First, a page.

Things You Need to Know When Co-Signing a Forbrukslån

If individuals thought qualifying for a housing debenture was tricky, they are not alone. According to recent reports, almost all property buyers need help from family members or friends as mortgage participants to qualify for home debentures. Of all the housing purchase loans in the United States, at least 20% included a guarantor or co-signer.

There are two kinds of non-spousal co-signers, also called guarantors by lending firms. The most common are non-occupants who do not live on the purchased property. The second one is the occupant who will live in the house for a long time.

Non-occupants are borrowers listed on the housing loan or deed of trust who will not live in the house. They are usually parents of buyers who do not have enough credit or income to qualify for a mortgage. A co-signer can also be family members or friends who are purchasing a home together but not planning to live in one property. Whatever the relationship, guarantors need to be aware of a couple of things before they sign mortgage documents. Listed below are some of the most important ones.

Payment or monthly amortization is also the participant’s responsibility

As a guarantor on a housing or billig forbrukslån (cheap consumer loan), they are now 100% responsible for the other people’s monthly obligations. While individuals probably will not be making monthly payments on the property, guarantors are not just as responsible for paying the amortization as the property buyer is.

Their offer of help – like using their good score and income to help them qualify for the debenture – extends to paying the loan if they do not make monthly payments. In the lending firm eyes, when they go for a new loan, the co-signer is responsible for the whole payment from their point of view. It is unfortunate, but financial institutions take the work-case scenario every time they give out mortgages.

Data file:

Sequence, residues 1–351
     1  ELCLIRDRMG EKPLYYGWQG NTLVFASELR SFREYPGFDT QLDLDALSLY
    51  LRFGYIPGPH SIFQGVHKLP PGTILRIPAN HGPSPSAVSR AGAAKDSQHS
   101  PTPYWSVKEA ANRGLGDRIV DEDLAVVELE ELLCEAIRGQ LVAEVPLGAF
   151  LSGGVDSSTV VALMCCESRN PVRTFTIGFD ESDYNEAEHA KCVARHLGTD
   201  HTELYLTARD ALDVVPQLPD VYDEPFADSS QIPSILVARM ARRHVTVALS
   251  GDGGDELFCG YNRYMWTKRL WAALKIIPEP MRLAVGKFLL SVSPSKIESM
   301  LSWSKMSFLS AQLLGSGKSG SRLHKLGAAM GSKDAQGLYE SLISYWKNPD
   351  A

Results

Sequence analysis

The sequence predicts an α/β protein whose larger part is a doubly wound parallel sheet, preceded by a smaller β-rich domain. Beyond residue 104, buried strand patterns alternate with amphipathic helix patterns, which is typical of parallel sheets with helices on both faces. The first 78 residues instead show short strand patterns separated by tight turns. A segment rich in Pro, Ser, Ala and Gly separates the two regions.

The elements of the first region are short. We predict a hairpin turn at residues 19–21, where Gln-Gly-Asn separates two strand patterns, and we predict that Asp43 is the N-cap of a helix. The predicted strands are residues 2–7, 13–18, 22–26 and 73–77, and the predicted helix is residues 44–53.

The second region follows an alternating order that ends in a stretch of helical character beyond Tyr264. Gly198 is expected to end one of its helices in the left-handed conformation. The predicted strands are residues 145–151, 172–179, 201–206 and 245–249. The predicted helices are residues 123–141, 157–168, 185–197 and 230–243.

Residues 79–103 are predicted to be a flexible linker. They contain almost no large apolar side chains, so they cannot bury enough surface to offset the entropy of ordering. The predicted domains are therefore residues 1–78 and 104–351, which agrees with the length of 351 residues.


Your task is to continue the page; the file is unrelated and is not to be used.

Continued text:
Questions why participant signature is needed

Since lending firms use the lower scores among the two borrowers, adding participants for more credit is pretty rare. Most of the time, buyers need guarantors because there is a good chance that they cannot support the debenture amount they are looking for.

It should be enough to lead the guarantor to question why their help is badly needed. Suppose that is the reason for co-signers, and they are not willing to make monthly financial commitments to buyers to meet their obligations. In that case, they may want to remove themselves from these obligations as it may become a possible financial hardship for them in the long run. 

The person’s future credit is always affected

Countersigners are essentially lending their future financial standing and credit worthiness for other people’s obligation of a mortgage now. If the person you are co-signing for, like a brother or sister, loses their job and cannot make their monthly amortization, then their credit report will be in jeopardy – same with your credit report.

These delinquencies will appear on both the primary property buyer and their co-signers report, as well as the obligation to pay the loan on time every month. It could hurt their ability to get credit in the near future, like applying for a house, car, business, student, or personal loan, as well as wanting to get a good rate on credit cards.

Even if the monthly amortizations are made in full and on time every month, being a participant on a housing loan can count against them when qualifying for future debentures. That significant debenture is still a risk that people are obligated to pay and could be a huge liability on their credit history.